Keep Your Cat Safe Around The Holidays

Keep Your Cat Safe Around The Holidays

We humans like to decorate our homes and treat ourselves to chocolaty treats at Christmas, but as cat owners we need to be careful.

Here are a couple of things we need to look out for.

lilyxmasTry to avoid string  like decorations like tinsel or very small decorations where your cat can reach them…

Although the sight of your cat pawing the tree may be cute, Hull warns that tinsel, ribbons and other assorted shiny things can be deadly if eaten. String like decorations can do serious damage to intestines and surgery if often needed to remove objects unable to pass through your pet on their own.

“We have also had cases of pets eating decorations that may look appealing, get swallowed and then got stuck and needed to be surgically removed so it’s vital to be aware of where you hang your decorations.”

Never feed your cat left overs, and keep that Christmas chocolate out of reach!

chocolate-300x230 copy“A big one tends to be pets that have eaten large amounts of chocolate, it’s not a good idea to leave it lying around under the Christmas tree because it can really badly affect their kidneys.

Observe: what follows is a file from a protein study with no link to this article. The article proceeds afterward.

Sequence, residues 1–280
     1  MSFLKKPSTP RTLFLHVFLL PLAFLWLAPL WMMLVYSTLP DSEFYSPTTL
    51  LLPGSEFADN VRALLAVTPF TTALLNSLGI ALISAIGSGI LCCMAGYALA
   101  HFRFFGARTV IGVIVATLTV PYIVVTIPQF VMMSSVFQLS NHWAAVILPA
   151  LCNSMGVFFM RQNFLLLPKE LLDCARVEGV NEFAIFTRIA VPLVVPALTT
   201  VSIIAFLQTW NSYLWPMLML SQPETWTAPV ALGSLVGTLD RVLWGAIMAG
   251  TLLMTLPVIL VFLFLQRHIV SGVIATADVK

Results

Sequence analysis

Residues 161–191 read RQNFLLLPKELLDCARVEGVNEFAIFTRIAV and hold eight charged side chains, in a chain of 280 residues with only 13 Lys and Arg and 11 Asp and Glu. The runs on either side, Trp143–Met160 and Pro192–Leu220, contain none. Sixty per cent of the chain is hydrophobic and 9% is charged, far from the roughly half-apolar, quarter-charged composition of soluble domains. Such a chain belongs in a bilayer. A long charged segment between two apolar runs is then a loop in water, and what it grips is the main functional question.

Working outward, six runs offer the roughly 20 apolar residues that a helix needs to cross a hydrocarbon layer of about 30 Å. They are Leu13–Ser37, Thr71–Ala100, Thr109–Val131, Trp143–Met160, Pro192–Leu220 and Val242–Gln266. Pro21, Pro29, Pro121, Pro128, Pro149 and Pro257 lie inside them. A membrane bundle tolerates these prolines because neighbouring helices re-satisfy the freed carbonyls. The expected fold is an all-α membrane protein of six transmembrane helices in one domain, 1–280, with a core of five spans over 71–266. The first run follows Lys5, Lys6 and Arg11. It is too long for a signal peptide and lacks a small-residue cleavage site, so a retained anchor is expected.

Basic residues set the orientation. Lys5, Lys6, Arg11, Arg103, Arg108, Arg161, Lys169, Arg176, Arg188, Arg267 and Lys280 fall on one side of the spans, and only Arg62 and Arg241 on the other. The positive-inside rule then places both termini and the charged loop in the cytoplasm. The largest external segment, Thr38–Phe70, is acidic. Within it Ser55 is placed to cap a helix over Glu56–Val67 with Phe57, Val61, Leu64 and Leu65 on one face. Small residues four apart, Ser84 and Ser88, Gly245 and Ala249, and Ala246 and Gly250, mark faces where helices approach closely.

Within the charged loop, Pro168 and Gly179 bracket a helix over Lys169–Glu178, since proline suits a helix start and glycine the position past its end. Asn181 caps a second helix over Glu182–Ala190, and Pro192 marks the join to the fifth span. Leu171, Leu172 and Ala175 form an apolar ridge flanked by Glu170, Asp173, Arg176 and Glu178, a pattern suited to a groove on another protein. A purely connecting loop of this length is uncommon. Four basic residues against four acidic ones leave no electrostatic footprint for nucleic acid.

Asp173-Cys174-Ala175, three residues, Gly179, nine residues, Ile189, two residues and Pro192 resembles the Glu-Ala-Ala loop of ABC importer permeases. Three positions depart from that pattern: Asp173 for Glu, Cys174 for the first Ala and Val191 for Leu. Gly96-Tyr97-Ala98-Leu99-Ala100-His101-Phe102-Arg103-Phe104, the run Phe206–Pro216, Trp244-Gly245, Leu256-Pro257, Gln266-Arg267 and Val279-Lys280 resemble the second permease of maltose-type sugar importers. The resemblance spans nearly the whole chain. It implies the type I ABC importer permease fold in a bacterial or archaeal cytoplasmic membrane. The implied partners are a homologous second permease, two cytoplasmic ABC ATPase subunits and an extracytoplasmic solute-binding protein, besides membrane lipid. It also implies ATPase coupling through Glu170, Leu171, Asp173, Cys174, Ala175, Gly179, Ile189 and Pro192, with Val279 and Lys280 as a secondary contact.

“We advise that pets are kept on a complete pet diet. There’s nothing wrong with treats as long as they are natural foods.

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Theobromine is the toxic compound in chocolate that can be fatal to dogs and cats. Signs of chocolate poisioning include increased thirst, vomiting, weakness, hyperexcitability and difficulty with balance. As with any poisioning, Hull recommends calling a veterinarian immediately if you suspect your pet has ingested chocolate.

Giving a cat (Or any other animal) as a surprise gift is also a bad idea…

Giving a puppy or a kitten as a holiday gift may seem like a scene from a Norman Rockwell painting, but often, reality is nothing like the picture.

The fuzzy fur-ball for the kids under the Christmas tree is a decades-long responsibility that some folks just don’t think about, said Capt. Dawn Hull, who oversees Fort Hood’s Veterinary Center.

“Pets are commitments, and you can’t really surprise someone with a commitment; it’s just not a good thing,” she said. “You have to be aware of all of the responsibilities that comes with a pet, especially the medical requirements.”

Puppies and kittens are also seen as incredibly popular and cute Christmas gifts, but Katie McAllister, regional fostering manager for the East of England for Blue Cross, says that giving a pet as a surprise gift is never a good idea.

Remember these simple things and keep your cat safe during the holidays.

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